Controversies surrounding artworks and the art market are many and take on many forms. In a special event taking place this Thursday (24th) at The Barber Institute, organised in conjunction with NADFAS (the National Association of Decorative and Fine Art Societies), one particular controversy is on the agenda: the thorny subject of “quality” in art and the “science” of attributing pictures to artists.
Popular NADFAS lecturer David Phillips will be discussing the mysterious Polish Rider in New York’s Frick Collection, which may or may not have been painted by Rembrandt van Rijn. Rembrandt’s œuvre has been the subject of a decades-long project (the Rembrandt Research Project), which has tried to settle once and for all just what Rembrandt did or didn’t do. The project though has ended-up becoming as much a study about the trickiness of attribution itself as of Rembrandt’s output as an artist. Meanwhile, right now, Martin Kemp (the doyenne of Leonardo da Vinci studies) is convinced that he has discovered a new work (that is to say, a picture that has up to now languished in a private collection) by Leonardo: the Salvator Mundi. Kemp’s “discovery”, however, has stimulated a great deal of argument among the experts, with many specialists disputing Kemp’s attribution of the picture to Leonardo.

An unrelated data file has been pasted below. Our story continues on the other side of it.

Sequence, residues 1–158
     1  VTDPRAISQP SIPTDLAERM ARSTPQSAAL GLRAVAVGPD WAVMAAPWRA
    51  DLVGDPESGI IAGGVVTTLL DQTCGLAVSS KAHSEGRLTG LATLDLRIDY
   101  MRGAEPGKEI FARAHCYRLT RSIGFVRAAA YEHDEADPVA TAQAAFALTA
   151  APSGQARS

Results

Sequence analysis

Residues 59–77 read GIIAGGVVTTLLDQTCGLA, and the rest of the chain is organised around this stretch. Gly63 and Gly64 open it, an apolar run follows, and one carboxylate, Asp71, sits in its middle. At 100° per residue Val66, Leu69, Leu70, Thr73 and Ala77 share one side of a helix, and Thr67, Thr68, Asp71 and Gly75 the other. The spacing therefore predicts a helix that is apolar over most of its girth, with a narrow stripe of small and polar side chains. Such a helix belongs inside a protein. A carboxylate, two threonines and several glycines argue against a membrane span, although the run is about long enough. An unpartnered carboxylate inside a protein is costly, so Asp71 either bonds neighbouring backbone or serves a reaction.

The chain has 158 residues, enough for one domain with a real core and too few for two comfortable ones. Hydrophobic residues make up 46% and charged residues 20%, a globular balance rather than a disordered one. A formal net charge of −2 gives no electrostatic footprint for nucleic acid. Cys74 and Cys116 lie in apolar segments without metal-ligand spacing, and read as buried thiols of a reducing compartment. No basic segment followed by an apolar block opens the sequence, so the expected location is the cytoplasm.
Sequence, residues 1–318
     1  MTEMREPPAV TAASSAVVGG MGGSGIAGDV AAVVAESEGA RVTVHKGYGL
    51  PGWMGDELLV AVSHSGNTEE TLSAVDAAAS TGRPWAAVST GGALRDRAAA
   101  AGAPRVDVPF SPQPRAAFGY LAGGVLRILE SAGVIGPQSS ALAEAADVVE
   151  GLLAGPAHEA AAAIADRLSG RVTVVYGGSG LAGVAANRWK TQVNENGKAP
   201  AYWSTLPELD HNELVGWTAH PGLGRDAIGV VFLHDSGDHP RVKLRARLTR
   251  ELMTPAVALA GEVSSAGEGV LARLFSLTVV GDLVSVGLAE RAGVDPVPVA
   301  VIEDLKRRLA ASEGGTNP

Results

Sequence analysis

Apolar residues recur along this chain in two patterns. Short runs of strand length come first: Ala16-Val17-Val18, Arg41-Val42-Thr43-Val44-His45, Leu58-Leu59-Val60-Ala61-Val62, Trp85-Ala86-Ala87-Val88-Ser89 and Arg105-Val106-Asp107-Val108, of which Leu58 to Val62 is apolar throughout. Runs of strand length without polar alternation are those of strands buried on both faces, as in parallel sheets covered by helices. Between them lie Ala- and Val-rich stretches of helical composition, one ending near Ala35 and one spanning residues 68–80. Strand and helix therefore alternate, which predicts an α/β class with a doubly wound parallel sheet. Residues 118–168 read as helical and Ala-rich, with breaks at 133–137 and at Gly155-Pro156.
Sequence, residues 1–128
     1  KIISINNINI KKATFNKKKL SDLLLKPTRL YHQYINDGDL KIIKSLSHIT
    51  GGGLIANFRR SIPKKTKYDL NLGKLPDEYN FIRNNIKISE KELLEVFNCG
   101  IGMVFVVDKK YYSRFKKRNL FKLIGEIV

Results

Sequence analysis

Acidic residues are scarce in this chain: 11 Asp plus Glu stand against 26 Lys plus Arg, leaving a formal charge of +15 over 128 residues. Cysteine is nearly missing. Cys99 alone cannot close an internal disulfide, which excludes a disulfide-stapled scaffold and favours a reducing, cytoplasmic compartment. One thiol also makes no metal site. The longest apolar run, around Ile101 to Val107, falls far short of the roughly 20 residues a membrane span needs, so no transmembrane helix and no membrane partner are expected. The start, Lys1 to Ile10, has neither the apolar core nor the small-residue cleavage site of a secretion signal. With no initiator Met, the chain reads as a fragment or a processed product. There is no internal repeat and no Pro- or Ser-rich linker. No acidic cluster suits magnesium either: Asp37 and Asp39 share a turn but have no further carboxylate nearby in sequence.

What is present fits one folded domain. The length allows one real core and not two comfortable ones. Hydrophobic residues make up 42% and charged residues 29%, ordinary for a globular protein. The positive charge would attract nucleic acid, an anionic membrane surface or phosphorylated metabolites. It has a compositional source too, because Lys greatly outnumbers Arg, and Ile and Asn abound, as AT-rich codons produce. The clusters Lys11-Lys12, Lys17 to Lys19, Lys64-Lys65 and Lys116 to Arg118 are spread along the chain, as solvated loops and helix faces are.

So why not come along this Thursday and listen to David at the Barber as he reviews a number of these controversies. He will also join the Barber’s curatorial team in conversation about some of the Institute’s own attribution riddles, affecting works formerly attributed to Rembrandt, Goya, Constable and Gauguin.
And what’s more, it’s FREE for students (glass of wine thrown in as well). The event kicks-off at 6pm with a drinks reception and late view in the galleries, followed at 7 by David’s lecture and discussion. Tickets are available from the Barber Reception (we’ve been told that booking is advised!).